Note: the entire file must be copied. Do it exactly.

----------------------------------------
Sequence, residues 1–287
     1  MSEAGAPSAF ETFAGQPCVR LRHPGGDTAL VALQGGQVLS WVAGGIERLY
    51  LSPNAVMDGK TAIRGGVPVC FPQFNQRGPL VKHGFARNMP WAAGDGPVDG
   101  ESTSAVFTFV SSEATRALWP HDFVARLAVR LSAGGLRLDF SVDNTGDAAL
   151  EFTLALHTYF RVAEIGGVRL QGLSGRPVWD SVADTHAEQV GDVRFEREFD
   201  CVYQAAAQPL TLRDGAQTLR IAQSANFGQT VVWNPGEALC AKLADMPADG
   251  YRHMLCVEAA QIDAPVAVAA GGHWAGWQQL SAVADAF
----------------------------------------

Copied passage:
Sequence, residues 1–287
     1  MSEAGAPSAF ETFAGQPCVR LRHPGGDTAL VALQGGQVLS WVAGGIERLY
    51  LSPNAVMDGK TAIRGGVPVC FPQFNQRGPL VKHGFARNMP WAAGDGPVDG
   101  ESTSAVFTFV SSEATRALWP HDFVARLAVR LSAGGLRLDF SVDNTGDAAL
   151  EFTLALHTYF RVAEIGGVRL QGLSGRPVWD SVADTHAEQV GDVRFEREFD
   201  CVYQAAAQPL TLRDGAQTLR IAQSANFGQT VVWNPGEALC AKLADMPADG
   251  YRHMLCVEAA QIDAPVAVAA GGHWAGWQQL SAVADAF